Dominique Crenn Opens Bar Crenn, Saves World

"You can make vegetables delicious!" the chef says of her new wine bar, now open right next door to her flagship, Atelier Crenn.

Traditionally, a croque madame is a ham-and-cheese sandwich that’s baked or fried. Unlike a croque monsieur, of which it’s a variation, it’s also topped with a fried egg. But at Petit Crenn, Dominique Crenn’s Hayes Valley restaurant, there is no ham. Instead, the chef uses smoked trout.

“I’ve been moving away from meat for a long time,” Crenn tells SF Weekly. “I’m not a vegetarian, but I’m also conscious about what’s going on in the world. We don’t have to eat meat every day. We don’t have to eat fish every day. It’s all about balance.”

If you see the amount of bechamel sauce on that decadent, $20 croque madame — which also comes with alliums, braised greens, and capers — you might take issue with the concept of balance, but point taken.

We’re speaking at the bar in Bar Crenn, her newest endeavor, which opened on Tuesday, March 13. Attached to her two-Michelin-starred flagship Atelier Crenn, it occupies the address formerly held by Cellar Door — which Crenn says she eyed seven years ago upon opening Atelier Crenn, but grabbing both spaces wasn’t in the cards at the time. Decorated with mismatched sofas and plenty of animal print, its aesthetic is notable for the lack of standard restaurant tables. The idea was to create a sense of the hospitality you get at Parisian wine bars like Cafe Les Philosophes in the Marais and other places that evoke the 1920s, something Crenn felt was wanting in San Francisco.

Atelier Crenn earned its first Michelin star in 2012 and its second a year later, and the fact that it’s remained at that status ever since, even as newer kitchens led by male chefs have been elevated to three star-status, sticks in the craw of people who cite systemic sexism as the likely reason. When San Pellegrino named her the World’s Best Female Chef in 2016, she called out the honor for perpetuating the idea that there was some fundamentally gendered schema to top-tier cooking. Crenn has gone one better with six monthly “Women in Food” dinners at Petit Crenn, which start March 27 with a collaboration between Nancy Oakes of Boulevard and Einat Admony of New York’s Balaboosta, and continue through November.

But misogyny is only one thing to contend with. Petit Crenn is free of terrestrial meats because the cuisine of Crenn’s native Brittany comes largely from vegetables and the sea, and Bar Crenn forgoes beef and pork via a slightly trickier way. Much as Corey Lee did with In Situ, his restaurant in the ground floor of SFMOMA that cycles through some 80 dishes by other chefs, Crenn sought recipes from the powerhouses of French cooking: Gérald Passedat, Eric Frechon, Alain Ducasse. She came into full possession of Sonoma’s Bleu Belle farm late last year, setting up a way to resolve the tension between classic food at a high price point and environmental awareness. (Bar Crenn is primarily a wine bar, and Matt Montrose’s wine list is largely biodynamic.)

Crenn ticks off a list of woes, from the pollution caused by industrialized agriculture to the recent snows in the south of France, as proof that the world is out of whack — and it’s only by a return to the past that we can shed our destructive arrogance.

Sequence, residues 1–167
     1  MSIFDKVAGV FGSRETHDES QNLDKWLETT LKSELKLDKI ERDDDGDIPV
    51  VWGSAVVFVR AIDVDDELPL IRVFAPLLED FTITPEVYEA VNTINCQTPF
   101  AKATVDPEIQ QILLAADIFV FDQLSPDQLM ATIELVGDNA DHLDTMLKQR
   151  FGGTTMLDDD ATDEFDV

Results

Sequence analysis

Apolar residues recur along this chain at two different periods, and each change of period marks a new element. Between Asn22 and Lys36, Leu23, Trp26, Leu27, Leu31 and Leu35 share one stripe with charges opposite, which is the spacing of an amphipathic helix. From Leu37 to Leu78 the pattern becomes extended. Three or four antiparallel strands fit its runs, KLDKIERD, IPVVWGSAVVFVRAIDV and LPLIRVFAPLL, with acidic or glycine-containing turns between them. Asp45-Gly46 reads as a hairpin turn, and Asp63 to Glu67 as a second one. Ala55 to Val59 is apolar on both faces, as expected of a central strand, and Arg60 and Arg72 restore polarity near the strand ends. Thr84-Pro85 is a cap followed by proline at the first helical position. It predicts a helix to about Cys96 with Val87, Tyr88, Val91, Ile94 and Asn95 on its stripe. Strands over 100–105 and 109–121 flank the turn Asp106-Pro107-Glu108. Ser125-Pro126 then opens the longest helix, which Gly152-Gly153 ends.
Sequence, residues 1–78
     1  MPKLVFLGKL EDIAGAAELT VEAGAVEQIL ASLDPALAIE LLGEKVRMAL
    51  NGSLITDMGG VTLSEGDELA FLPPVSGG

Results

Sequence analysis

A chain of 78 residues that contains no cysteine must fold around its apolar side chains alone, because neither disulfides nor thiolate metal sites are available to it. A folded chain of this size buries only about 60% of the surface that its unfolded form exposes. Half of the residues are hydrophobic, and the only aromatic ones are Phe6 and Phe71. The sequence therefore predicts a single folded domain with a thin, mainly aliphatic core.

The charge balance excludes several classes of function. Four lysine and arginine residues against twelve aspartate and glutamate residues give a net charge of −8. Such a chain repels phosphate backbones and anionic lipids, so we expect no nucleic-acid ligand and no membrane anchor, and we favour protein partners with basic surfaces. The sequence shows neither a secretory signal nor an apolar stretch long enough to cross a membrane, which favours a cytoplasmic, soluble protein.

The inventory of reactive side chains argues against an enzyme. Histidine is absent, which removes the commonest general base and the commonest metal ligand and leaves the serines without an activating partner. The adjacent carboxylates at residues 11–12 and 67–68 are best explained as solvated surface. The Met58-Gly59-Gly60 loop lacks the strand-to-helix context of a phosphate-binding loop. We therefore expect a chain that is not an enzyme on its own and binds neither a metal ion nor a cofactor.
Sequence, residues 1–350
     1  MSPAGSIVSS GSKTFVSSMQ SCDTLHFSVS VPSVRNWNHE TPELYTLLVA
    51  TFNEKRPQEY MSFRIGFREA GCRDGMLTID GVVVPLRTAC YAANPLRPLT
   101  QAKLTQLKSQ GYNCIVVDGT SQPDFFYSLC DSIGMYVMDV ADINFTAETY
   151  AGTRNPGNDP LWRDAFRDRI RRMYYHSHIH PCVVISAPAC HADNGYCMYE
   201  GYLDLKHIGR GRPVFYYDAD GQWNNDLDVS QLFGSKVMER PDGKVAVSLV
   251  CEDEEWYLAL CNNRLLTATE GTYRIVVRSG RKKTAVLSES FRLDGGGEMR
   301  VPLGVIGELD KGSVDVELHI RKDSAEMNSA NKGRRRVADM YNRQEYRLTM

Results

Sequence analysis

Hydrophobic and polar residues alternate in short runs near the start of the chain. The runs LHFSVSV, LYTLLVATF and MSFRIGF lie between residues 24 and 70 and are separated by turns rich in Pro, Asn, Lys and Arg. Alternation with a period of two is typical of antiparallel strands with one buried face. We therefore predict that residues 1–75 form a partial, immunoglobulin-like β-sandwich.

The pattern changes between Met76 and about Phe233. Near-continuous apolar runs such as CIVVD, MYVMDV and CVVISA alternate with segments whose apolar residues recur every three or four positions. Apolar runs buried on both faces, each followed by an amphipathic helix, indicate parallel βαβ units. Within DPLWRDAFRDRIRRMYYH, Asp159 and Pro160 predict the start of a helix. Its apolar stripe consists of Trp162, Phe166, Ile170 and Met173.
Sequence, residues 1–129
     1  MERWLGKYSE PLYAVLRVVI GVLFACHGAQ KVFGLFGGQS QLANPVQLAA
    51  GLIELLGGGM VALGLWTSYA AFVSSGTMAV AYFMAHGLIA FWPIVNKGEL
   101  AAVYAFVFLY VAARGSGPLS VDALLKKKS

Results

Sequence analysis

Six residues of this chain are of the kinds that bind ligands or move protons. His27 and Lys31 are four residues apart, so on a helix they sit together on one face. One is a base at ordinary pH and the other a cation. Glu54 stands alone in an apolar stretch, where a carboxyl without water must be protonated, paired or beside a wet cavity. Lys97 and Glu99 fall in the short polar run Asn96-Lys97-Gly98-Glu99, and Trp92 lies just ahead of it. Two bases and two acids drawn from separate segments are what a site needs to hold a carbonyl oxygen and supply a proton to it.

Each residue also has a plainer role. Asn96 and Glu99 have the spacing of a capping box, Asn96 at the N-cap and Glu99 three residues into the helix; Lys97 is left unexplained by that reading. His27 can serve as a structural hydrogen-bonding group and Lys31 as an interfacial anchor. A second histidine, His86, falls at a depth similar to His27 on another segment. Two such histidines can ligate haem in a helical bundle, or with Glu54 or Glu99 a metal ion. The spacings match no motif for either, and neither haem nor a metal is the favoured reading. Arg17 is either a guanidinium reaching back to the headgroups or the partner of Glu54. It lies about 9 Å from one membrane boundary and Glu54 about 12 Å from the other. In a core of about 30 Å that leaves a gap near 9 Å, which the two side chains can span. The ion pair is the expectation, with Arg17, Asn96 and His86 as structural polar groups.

“I want to go back to the way we used to farm,” she says. “The farm of my parents, where my father was from, you’d have a little herd of two cows. In the morning, you used to wake up and get the milk of the cow and maybe some pigs and the pigs would get old and you would kill them to make charcuterie — but it was not industrialized. It was about balancing. If things were not available, then they were not going to cook it.”

The glossy culture of overabundance bears much of the blame, she believes. And every chef has the responsibility to fix it, even cafe owners who can make the choice to eliminate plastic straws.

“It’s because they’re feeding people, and when you feed people you have to understand where things come from,” she says. “You can make vegetables delicious!”

There’s almost an “It took Nixon to go to China” element to this formulation. Who better than Dominique Crenn, whose talent and outspokenness are not debatable, to wean us off the idea that we can and should have whatever we want, when we want it? The Bay Area’s emphasis on seasonality only goes so far, and we may have lulled ourselves into further complacency by believing California-style food does all the work it needs to on its own.

Bar Crenn is the chef’s third project in San Francisco, although that statement comes with an asterisk of sorts. Two years ago, a partnership with the Claremont Hotel in Berkeley yielded the ill-fated Antoinette, which closed shortly after Crenn, whose role was more curatorial than day-to-day, walked away.

Such indirect involvement is not likely at Bar Crenn, with its emphasis on connection. A central courtyard that was until recently filled with rolling racks and other kitchen equipment now links Atelier Crenn to its little sibling, and opens up a renovated pastry kitchen that will have some public access.

“This is a house, and in a house you have to have movement and different spaces,” Crenn says. Sometime next year, she will open Boutique Crenn. Taking up some 5,000 square feet on two floors of the Salesforce Tower, it will be a patisserie and boulangerie, and even if it’s several miles away it feels almost like another room in the proverbial house.

“In the morning, you’re going to get your coffee and your pastry at Salesforce, and then have brunch or early dinner at Petit Crenn,” she says. “And if it’s something much more special, you go to Atelier and then you stop by the wine bar. It makes sense.”

Bar Crenn, 3131 Fillmore St., 415-440-0460 or

Related Stories